Cases reported "Migraine Disorders"

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1/66. Serial electroencephalographic findings in patients with MELAS.

    To clarify the electroencephalographic characteristics of mitochondrial myopathy, encephalopathy, lactic acidosis, and strokelike episodes (MELAS), the medical records and electroencephalograms of six patients with MELAS and two of their relatives with MELA (mitochondrial myopathy, encephalopathy, and lactic acidosis, without strokelike episodes) were retrospectively reviewed. All have a point mutation in the mitochondrial dna at nucleotide position 3243. The electroencephalograms (n = 79) were divided into four groups according to the time relation to the strokelike episode: (1) before the first strokelike episode, (2) within 5 days after the strokelike episode (acute stage), (3) between 6 days and 1 month after the strokelike episode (subacute stage), and (4) more than 1 month after the strokelike episode (chronic stage). In the acute stage, 10 of the 11 electroencephalograms (9 strokelike episodes in four patients) revealed focal high-voltage delta waves with polyspikes (FHDPS), which were recognized as ictal electroencephalogram. Ictal events during FHDPS included focal clonic or myoclonic seizure and migrainous headache. In the subacute and chronic stages, focal spikes or sharp waves and 14- and 6-Hz positive bursts were frequently recorded. The authors' results suggest that FHDPSs present a reliable and accurate indicator of a strokelike episode in patients with MELAS.
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2/66. Lamotrigine in the prophylactic treatment of migraine aura--a pilot study.

    The aim of this study was to evaluate the efficacy of lamotrigine, a glutamate antagonist blocking voltage-sensitive sodium channels, in the prophylaxis of migraine aura symptoms. Glutamate is one of the main neurotransmitters involved in the development of cortical spreading depression. The study was conducted as an open longitudinal trial over 7 months, with a treatment phase of 4 months and a post-treatment period of 3 months. Thirteen patients suffering from migraine with aura and 2 patients with aura but without migraine were enrolled and treated with lamotrigine. The dose was gradually increased in steps of 25 mg up to 100 mg per day, depending on the patient's aura symptoms. Aura symptoms were reduced from baseline (an average of 1.3 aura episodes per month) to month 4 (0.1, p < 0.001). High statistical significance was also observed with regard to aura duration (23 min at baseline vs 4 min at 4 months, p < 0.001). In all 15 cases, increases in aura frequency (on average sevenfold, p < 0.001) and aura duration (minutes; on average more than threefold, p < 0.001) were evident following cessation of treatment. A number of mild to moderate adverse events without any medical consequences occurred. The study outcome suggests that lamotrigine is effective in preventing migraine aura symptoms and in influencing migraine headache frequency.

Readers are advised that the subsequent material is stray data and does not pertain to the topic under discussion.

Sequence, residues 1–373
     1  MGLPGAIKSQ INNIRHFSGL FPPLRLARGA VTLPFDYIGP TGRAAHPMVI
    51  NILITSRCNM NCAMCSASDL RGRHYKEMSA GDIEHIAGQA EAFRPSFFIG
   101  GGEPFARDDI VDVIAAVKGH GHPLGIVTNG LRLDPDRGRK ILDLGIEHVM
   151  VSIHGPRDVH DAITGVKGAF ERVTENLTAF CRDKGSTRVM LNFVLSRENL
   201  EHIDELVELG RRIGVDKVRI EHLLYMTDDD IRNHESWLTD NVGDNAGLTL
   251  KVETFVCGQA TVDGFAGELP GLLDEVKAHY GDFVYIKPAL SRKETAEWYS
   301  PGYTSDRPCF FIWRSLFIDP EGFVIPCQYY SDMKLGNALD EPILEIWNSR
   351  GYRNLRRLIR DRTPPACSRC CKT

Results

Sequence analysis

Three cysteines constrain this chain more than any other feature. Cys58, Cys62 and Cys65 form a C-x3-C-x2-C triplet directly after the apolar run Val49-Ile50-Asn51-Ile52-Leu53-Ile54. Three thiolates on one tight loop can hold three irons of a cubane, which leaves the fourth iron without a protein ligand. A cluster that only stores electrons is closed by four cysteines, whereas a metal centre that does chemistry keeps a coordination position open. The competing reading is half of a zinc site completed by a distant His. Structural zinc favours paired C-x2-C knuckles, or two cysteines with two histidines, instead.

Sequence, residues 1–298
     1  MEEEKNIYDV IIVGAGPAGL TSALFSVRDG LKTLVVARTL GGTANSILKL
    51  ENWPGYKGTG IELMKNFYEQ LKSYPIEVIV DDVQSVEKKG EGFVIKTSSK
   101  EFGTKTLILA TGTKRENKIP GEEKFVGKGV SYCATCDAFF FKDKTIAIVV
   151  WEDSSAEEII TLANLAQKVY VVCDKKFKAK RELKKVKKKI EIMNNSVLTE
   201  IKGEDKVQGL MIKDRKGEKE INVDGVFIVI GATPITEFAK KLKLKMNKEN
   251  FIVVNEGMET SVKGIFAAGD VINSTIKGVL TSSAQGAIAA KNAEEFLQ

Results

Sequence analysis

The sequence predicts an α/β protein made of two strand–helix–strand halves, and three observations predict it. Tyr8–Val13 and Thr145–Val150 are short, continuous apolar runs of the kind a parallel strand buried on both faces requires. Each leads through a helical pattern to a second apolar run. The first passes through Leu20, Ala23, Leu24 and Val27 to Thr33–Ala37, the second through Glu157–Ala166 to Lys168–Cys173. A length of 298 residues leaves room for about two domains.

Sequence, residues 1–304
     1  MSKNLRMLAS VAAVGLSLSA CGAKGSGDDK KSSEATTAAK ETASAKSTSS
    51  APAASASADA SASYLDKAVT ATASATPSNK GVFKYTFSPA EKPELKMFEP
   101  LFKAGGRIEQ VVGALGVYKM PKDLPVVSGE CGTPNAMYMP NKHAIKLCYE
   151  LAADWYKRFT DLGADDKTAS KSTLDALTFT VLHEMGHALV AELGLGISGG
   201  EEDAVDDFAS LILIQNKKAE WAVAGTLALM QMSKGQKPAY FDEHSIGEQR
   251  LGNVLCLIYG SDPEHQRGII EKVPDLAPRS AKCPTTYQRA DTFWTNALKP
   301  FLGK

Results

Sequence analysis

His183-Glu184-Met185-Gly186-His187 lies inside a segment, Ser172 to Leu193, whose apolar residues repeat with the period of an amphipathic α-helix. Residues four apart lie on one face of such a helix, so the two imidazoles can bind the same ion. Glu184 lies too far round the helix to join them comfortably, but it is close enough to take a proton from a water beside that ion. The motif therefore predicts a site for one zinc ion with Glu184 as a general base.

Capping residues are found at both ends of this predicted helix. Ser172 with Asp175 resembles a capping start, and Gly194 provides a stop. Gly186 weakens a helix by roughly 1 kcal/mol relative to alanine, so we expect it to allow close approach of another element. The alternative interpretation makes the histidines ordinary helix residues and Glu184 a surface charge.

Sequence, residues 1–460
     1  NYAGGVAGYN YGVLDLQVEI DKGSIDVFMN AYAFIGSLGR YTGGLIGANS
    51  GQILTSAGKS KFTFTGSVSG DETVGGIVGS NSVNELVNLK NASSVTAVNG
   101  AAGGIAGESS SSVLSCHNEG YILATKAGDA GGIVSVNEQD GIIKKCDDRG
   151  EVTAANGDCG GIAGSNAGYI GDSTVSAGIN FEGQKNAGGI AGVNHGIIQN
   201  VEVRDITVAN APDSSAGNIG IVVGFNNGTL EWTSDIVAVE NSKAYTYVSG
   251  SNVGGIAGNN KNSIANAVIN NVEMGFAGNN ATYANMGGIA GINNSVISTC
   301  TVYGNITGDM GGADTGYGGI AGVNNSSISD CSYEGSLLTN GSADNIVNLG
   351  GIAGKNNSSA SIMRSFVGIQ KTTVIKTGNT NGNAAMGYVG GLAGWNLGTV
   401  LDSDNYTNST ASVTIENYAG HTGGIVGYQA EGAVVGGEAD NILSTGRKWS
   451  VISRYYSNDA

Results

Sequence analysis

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keywords = frequency
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3/66. Gabapentin's effects on hot flashes and hypothermia.

    The author describes six cases in which gabapentin treatment reduced the frequency of hot flashes. In addition, gabapentin treatment enhanced the frequency of hypothermic episodes in a separate patient with known hypothalamic dysfunction. Gabapentin may act directly upon temperature regulatory centers.
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4/66. Chronic paroxysmal hemicrania-like headaches in a child: response to a headache diary.

    Chronic paroxysmal hemicrania and cluster headache are both characterized by recurrent, severe, unilateral headaches accompanied by symptoms and signs of autonomic dysfunction. They are differentiated by the frequency, duration, and medication responsiveness of the headaches. Both occur in childhood, although such reports are rare. A 6-year-old boy presented with chronic paroxysmal hemicrania-like headaches. Through the use of a headache diary, his headaches were found to follow stressful events and resolved shortly after the introduction of the diary. Precipitation of chronic paroxysmal hemicrania-like headaches by stress has not been previously reported. We recommend the use of a headache diary as both an aid to diagnosis and an initial nonpharmacological therapeutic intervention for children with such headaches.
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keywords = frequency
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5/66. Naratriptan in the prophylaxis of transformed migraine.

    We report three patients with transformed migraine, previously refractory to a wide variety of traditional preventive pharmacologic and nonpharmacologic interventions. Naratriptan 2.5 mg given each morning, with a second tablet allowed for breakthrough headache, at least 4 hours later, demonstrated a remarkable reduction in frequency and intensity of daily headache. In addition, a subjective improvement in quality of life and restoration of functioning including a decrease in missed workdays was noted. All three patients had previously experienced good responses to sumatriptan or zolmitriptan, but were limited in frequency of use by the authors. The patients were not experiencing rebound phenomena at the onset of treatment with naratriptan. Clinical responses were noted within 3 to 7 days of initiation of treatment. Traditional risk factor analysis and screening were performed. Naratriptan was extremely well tolerated, with no cardiovascular adverse events reported or observed. Possible mechanisms of action are discussed.
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keywords = frequency
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6/66. Fatal cerebral embolism in a young patient with an occult left atrial myxoma.